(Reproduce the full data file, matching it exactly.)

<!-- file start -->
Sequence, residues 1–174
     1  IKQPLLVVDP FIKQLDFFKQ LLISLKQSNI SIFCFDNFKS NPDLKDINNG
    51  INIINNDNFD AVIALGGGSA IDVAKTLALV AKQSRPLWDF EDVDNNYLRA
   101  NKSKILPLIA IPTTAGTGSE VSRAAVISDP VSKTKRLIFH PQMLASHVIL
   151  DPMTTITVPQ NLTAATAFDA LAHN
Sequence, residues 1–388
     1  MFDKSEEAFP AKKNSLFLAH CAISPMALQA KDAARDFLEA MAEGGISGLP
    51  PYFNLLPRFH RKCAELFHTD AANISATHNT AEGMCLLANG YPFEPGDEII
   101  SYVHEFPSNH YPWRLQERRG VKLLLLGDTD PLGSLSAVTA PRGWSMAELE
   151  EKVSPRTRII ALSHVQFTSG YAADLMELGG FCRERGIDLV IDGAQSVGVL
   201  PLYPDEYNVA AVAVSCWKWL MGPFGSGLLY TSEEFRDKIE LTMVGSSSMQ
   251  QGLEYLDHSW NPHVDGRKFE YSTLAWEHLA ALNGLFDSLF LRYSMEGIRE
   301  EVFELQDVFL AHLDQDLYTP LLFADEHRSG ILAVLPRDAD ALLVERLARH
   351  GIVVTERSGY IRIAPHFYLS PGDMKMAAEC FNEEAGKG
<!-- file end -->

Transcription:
Sequence, residues 1–174
     1  IKQPLLVVDP FIKQLDFFKQ LLISLKQSNI SIFCFDNFKS NPDLKDINNG
    51  INIINNDNFD AVIALGGGSA IDVAKTLALV AKQSRPLWDF EDVDNNYLRA
   101  NKSKILPLIA IPTTAGTGSE VSRAAVISDP VSKTKRLIFH PQMLASHVIL
   151  DPMTTITVPQ NLTAATAFDA LAHN
Sequence, residues 1–388
     1  MFDKSEEAFP AKKNSLFLAH CAISPMALQA KDAARDFLEA MAEGGISGLP
    51  PYFNLLPRFH RKCAELFHTD AANISATHNT AEGMCLLANG YPFEPGDEII
   101  SYVHEFPSNH YPWRLQERRG VKLLLLGDTD PLGSLSAVTA PRGWSMAELE
   151  EKVSPRTRII ALSHVQFTSG YAADLMELGG FCRERGIDLV IDGAQSVGVL
   201  PLYPDEYNVA AVAVSCWKWL MGPFGSGLLY TSEEFRDKIE LTMVGSSSMQ
   251  QGLEYLDHSW NPHVDGRKFE YSTLAWEHLA ALNGLFDSLF LRYSMEGIRE
   301  EVFELQDVFL AHLDQDLYTP LLFADEHRSG ILAVLPRDAD ALLVERLARH
   351  GIVVTERSGY IRIAPHFYLS PGDMKMAAEC FNEEAGKG